Kamala Harris Sets the Standard for Future Generations



“The most disrespected person in America is the Black woman. The most unprotected person in America is the Black woman. The most neglected person in America is the Black woman.”                                                                                                                          Malcolm X

The moment Kamala Harris was announced the Vice President of the United States, Black women were shown that they have the power to change the world. Throughout history when we think of Black women, they have always been tied to a struggle or overcoming an obstacle. For example, in school we learned about Harriet Tubman, an American Abolitionist, who escaped and led other enslaved people to freedom using the Underground Railroad or Rosa Parks, an American activist in the civil right movement. In addition, we have always heard of the stereotypes that Black women are single moms, uneducated, live in government housing, and are angry. How would you feel if you could only describe yourself as strong? 

There have been very few monumental Black women to change the thinking of the little Black girl. Luckily, Harris’s story is common for Black women today considering they are more likely to pursue a college career than any other race. She is the daughter of an Indian mother and a Jamaican father. She attended Howard University, a prominent HBCU, where she became a member of Alpha Kappa Alpha sorority. Now over a quarter of a million women belong to the sisterhood of the Divine 9 sororities. This alone has an impact on Black women’s lives and opportunities.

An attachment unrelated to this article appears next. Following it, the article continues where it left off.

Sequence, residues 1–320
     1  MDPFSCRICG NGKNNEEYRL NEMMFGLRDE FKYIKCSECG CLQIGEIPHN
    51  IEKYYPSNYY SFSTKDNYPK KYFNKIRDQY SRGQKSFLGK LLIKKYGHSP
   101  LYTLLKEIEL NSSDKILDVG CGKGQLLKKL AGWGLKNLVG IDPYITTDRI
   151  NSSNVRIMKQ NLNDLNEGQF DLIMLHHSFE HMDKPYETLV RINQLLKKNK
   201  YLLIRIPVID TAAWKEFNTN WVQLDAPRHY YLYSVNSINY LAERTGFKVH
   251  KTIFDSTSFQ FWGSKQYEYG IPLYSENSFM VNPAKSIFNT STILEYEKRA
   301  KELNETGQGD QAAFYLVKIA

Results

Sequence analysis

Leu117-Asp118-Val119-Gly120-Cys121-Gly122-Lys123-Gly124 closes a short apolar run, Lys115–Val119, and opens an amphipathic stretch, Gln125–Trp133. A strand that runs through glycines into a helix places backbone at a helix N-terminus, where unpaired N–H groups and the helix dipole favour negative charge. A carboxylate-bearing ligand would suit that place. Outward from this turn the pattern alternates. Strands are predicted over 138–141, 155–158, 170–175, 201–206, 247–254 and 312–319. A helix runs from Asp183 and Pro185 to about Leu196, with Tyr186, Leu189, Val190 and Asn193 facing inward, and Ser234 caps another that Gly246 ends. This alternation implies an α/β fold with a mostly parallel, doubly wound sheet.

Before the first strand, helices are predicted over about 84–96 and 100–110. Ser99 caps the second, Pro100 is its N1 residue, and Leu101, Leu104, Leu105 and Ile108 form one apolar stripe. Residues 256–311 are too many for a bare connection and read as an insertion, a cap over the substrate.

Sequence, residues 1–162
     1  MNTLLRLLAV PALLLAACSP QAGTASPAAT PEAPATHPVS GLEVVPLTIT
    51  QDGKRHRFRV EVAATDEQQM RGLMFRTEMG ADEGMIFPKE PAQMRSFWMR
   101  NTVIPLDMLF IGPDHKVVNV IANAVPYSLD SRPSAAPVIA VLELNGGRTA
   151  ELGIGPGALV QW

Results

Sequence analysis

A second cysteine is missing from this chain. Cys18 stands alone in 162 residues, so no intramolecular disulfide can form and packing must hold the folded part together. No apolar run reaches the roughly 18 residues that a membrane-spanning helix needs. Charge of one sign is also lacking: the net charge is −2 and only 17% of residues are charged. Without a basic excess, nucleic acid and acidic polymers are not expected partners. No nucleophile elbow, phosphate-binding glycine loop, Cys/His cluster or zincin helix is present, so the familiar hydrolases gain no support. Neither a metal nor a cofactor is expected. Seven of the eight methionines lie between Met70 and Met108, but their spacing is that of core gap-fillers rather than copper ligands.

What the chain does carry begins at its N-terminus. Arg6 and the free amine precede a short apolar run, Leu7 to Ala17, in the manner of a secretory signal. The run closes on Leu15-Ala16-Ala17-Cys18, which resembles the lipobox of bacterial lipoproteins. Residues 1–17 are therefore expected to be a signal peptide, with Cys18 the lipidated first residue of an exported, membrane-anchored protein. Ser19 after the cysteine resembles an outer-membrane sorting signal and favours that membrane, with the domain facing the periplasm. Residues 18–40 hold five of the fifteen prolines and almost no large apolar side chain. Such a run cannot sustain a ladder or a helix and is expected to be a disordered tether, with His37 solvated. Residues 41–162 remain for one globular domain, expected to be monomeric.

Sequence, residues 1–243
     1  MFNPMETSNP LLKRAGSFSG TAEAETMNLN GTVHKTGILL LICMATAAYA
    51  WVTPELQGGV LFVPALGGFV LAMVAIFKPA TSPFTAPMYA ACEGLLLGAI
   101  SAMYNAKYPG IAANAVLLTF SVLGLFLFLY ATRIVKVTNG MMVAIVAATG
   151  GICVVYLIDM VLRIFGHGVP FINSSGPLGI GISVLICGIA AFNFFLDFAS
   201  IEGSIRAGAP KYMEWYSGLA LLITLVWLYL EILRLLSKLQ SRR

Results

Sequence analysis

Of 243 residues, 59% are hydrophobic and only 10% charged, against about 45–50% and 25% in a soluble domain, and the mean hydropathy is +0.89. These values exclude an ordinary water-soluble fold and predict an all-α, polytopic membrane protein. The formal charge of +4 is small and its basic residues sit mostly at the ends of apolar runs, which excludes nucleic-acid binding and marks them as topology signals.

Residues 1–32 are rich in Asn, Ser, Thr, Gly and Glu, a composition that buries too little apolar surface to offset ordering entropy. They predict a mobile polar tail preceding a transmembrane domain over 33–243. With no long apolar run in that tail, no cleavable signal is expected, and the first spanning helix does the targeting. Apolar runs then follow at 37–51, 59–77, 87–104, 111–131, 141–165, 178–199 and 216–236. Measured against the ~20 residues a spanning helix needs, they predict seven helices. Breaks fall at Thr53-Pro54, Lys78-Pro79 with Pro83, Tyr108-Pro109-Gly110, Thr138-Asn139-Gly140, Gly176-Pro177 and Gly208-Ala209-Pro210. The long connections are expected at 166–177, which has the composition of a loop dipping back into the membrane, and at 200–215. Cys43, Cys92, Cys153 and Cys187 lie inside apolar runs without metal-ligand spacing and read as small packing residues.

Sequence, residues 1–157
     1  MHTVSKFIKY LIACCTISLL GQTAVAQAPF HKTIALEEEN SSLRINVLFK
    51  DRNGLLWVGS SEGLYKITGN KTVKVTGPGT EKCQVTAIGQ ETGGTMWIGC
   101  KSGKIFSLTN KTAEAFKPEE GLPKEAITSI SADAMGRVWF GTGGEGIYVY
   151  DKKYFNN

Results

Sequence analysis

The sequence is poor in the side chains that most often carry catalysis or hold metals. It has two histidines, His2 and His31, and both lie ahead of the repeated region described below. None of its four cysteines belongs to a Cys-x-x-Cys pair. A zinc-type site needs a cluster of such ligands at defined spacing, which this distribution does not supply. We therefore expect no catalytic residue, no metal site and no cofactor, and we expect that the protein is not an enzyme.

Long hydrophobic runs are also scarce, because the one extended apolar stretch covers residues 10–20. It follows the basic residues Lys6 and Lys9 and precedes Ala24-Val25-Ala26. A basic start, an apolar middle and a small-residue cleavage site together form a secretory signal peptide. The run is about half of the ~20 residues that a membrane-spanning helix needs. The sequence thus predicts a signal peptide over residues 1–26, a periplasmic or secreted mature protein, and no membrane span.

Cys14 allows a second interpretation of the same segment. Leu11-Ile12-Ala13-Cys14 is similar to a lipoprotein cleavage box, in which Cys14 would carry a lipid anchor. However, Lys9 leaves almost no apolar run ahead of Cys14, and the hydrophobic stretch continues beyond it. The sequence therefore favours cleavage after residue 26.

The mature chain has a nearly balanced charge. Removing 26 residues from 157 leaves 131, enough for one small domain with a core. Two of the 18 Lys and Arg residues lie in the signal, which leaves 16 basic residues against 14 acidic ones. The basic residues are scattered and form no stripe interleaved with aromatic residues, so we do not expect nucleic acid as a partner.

This time is important because it sets the standard for future generations. Exactly 100 years ago, the 19th amendment granted women the right to vote. Exit polls showed the power of the Black women’s vote with 91 percent voting for the Biden-Harris ticket which was also the highest percentage of any racial group. Biden chose Harris because he knew of the significance and value of Black women as democratic supporters. 

The lack of Black female leadership has been addressed. We have changed the narrative of how Black people can and should exist in this country. Moving forward great changes will emerge and we will develop as a better community, city, state, and nation. 

“Little girls with dreams, become women with vision,” – Unknown 

By Stephon Banks, Activist Writer

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